Today we are told what we often fail to understand: There is no power or authority in this universe that Jesus does not possess. Compare these two passages:

Then Jesus came to them and said, I have been given quite a lot of authority. I’m going to take an indefinite leave of absence, during which Satan can run wild, but when I return, he and I will duke it out.
—Matthew 28:18, Reversed Fractured Version

Then Jesus came to them and said, All authority in heaven and on earth has been given to me.
—Matthew 28:18, New International Version

Compare also these two passages:

For in Christ we find some really good suggestions, which we should take under advisement, because he had a lot of good ideas.
—Colossians 2:9-10, Reversed Fractured Version

For in Christ all the fullness of the Deity lives in bodily form, and you have been given fullness in Christ, who is the head over every power and authority.
—Colossians 2:9-10, New International Version

Whatever loyalties or allegiances we have on this earth, they will pass away. Nations will fall, institutions will be changed, people will die, civilizations will pass, entire histories will be forgotten by new generations that must rediscover old wisdom as if it were new. All things in this world will finally betray and abandon us when they pass away. If we live to old age, even our bodies will betray us; we will find ourselves trapped in feeble bodies with dim eyesight, muffled hearing, condemned to eat food we can no longer taste. It’s like living in a house built of rained-on cardboard. These things will all pass away, in retrospect it will seem to have been a fleeting moment. It isn’t wise to invest our souls in such fragile transience.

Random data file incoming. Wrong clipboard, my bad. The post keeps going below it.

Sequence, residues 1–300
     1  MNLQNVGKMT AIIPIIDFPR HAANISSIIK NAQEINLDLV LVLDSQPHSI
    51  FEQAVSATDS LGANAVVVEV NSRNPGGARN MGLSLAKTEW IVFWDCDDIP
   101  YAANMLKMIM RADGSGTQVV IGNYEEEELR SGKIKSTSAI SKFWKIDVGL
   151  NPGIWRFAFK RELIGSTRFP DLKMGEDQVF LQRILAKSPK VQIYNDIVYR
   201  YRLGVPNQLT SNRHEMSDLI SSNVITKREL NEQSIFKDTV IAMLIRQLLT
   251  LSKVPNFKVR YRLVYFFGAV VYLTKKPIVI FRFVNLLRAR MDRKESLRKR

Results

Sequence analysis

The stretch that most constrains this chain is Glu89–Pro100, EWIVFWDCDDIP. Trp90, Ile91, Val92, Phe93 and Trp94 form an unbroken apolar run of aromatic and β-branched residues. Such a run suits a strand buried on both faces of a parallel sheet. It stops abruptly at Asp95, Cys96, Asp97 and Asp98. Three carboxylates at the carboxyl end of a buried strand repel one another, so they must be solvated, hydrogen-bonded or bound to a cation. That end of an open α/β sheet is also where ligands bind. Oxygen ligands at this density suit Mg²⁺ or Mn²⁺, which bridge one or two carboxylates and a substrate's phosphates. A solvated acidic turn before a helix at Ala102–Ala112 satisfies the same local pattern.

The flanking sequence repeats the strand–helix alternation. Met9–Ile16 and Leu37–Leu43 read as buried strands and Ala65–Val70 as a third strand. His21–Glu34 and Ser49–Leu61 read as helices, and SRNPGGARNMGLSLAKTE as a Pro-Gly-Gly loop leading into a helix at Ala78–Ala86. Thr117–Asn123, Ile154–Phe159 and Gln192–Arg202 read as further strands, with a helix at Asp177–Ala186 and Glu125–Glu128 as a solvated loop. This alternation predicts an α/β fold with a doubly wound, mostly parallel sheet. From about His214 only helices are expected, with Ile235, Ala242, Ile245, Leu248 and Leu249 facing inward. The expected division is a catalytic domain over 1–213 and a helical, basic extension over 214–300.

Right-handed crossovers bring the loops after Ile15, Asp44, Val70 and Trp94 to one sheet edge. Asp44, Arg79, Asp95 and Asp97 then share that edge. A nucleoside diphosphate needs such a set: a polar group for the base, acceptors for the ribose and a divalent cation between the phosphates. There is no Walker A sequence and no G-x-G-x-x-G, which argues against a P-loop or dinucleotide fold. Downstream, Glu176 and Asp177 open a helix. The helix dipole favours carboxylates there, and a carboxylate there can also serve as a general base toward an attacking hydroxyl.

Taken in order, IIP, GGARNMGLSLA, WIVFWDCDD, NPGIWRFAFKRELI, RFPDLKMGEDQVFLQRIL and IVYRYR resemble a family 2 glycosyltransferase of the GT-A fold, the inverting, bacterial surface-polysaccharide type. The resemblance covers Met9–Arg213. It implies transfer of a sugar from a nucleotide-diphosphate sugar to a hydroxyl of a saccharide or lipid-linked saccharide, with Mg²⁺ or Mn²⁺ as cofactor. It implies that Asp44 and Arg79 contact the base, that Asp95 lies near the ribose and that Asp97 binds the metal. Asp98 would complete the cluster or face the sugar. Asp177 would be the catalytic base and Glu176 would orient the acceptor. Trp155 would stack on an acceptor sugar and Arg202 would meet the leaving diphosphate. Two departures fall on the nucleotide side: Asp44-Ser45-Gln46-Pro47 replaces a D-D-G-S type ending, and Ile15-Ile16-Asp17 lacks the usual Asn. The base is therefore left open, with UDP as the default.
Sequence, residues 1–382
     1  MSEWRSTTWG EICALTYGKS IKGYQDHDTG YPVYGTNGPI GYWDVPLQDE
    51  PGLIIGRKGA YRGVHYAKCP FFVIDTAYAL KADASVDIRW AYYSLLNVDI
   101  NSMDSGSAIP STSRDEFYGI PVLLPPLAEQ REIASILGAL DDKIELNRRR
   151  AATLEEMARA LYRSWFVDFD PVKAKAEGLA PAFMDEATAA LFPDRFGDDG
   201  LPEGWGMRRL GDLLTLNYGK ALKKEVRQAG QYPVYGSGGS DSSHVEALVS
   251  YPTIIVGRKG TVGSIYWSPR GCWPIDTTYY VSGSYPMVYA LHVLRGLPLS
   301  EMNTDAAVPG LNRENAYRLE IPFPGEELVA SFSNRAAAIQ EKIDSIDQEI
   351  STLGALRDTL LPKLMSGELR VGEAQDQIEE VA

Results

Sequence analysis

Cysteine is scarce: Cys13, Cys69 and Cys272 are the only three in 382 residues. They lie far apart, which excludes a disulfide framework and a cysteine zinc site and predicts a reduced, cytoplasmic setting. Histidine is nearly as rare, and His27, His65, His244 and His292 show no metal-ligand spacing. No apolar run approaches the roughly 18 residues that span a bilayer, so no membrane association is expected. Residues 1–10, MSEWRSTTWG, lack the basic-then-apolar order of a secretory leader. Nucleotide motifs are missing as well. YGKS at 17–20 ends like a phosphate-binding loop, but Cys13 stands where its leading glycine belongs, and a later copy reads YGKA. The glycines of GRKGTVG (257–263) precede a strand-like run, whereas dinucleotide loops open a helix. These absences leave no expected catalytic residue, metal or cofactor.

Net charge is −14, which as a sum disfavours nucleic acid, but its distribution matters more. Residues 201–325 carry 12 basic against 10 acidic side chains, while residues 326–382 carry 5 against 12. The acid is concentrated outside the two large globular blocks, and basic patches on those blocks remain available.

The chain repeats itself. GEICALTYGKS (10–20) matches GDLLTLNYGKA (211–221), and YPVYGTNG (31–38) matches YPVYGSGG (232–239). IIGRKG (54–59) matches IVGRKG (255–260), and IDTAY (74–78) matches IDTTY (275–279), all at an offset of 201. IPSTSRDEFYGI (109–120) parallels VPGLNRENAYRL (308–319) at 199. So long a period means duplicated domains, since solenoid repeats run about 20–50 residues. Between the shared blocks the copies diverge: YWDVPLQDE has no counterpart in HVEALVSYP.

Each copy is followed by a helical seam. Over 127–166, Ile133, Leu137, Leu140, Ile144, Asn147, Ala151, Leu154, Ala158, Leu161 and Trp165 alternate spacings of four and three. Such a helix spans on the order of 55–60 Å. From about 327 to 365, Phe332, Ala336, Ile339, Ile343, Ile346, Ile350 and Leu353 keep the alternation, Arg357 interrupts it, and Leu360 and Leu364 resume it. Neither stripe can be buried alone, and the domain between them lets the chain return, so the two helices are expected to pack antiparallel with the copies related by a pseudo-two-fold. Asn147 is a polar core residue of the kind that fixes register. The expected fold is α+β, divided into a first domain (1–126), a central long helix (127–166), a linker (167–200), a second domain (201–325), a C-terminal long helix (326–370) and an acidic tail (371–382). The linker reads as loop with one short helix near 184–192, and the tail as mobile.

Only One is eternal; only One is faithful; only to Him does it make any sense to give thanks and honor and praise and obedience and loyalty and allegiance.

So order your priorities this day! Change your mind about life! Live for Him who is eternal, and don’t get so hot and bothered about things that will soon pass away. And if you haven’t been baptized, take a courage and do it. If it is wise to submit to a rite that makes you a citizen of a nation, how much wiser is it to submit to a rite that makes you a citizen of eternity!